I am just scratching the surface. My point is that the educational system of a decade or two ago was much different from what we have today. Today we can no longer look at school buildings or physical locations as places for improving learning. Today much of our learning is online and it is open and free. The world is much more open, not just a bit flatter. Will anyone recognize it? Will anyone do anything about it?
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  posted by Curt Bonk @ 2:41 PM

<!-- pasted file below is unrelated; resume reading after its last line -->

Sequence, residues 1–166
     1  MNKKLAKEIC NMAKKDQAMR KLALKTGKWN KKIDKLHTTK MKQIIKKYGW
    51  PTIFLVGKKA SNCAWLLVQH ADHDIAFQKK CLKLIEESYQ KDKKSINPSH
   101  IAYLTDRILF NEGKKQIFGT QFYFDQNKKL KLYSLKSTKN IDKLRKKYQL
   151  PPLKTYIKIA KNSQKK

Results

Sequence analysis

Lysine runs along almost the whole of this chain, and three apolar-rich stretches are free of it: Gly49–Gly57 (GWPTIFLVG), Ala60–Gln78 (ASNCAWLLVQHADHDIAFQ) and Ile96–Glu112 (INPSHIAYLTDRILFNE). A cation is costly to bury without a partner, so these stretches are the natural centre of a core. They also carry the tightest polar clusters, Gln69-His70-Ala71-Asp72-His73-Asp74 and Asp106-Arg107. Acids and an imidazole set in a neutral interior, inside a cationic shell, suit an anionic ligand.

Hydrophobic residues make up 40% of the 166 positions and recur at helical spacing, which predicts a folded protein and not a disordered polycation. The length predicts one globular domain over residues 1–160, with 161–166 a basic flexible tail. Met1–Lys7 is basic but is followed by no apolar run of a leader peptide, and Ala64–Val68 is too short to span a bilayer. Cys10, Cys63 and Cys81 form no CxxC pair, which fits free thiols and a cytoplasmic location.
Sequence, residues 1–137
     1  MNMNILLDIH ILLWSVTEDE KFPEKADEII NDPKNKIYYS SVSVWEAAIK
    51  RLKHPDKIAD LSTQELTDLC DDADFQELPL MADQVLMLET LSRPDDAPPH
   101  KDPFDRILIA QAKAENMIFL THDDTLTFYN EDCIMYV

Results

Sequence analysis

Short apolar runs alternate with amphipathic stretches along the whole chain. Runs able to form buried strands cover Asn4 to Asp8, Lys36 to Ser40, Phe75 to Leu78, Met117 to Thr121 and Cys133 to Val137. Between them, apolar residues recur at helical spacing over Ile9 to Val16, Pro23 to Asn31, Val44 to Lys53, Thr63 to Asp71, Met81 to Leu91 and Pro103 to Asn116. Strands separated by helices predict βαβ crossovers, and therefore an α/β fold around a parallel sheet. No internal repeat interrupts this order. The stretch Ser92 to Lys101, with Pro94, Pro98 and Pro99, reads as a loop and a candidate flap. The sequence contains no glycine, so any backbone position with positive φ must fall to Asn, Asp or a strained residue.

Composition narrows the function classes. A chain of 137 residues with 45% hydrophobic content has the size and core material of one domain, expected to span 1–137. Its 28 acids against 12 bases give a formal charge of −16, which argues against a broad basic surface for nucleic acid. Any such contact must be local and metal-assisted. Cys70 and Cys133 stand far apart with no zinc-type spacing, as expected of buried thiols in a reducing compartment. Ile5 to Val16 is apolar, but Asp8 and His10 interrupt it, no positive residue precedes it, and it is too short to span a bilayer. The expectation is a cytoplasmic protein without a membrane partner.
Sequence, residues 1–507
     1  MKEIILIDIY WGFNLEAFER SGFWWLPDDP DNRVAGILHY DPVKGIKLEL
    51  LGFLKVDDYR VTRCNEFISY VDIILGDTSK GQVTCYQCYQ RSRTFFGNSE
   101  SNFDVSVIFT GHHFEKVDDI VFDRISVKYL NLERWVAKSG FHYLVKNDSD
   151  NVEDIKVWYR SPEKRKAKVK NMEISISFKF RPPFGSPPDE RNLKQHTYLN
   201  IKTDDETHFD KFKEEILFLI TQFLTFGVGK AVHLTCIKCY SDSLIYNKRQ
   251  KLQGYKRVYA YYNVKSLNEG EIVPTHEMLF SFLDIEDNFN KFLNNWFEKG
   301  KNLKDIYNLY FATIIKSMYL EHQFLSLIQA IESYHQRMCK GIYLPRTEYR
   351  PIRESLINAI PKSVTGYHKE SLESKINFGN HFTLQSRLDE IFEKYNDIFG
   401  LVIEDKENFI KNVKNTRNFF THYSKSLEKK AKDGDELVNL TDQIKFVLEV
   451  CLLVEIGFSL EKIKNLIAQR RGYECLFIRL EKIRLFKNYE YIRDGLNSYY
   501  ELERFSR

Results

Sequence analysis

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About Me

Name: Curt Bonk
Home: Bloomington, Indiana, United States
About Me: I am a former accountant and CPA and a former educational psychologist. I am now Professor of IST at Indiana University and also adjunct in the School of Informatics. I founded and later sold SurveyShare. As president of CourseShare, LLC, I run around the world training instructors to teach online and give motivational talks about emerging learning technologies. I also write and edit books related to e-learning and blended learning. See bio and vita.

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Click here for information about my recent book, The World is Open: How Web Technology Is Revolutionizing Education.

Visit the Indiana University Home Page of E-Learning Expert Curtis J. Bonk.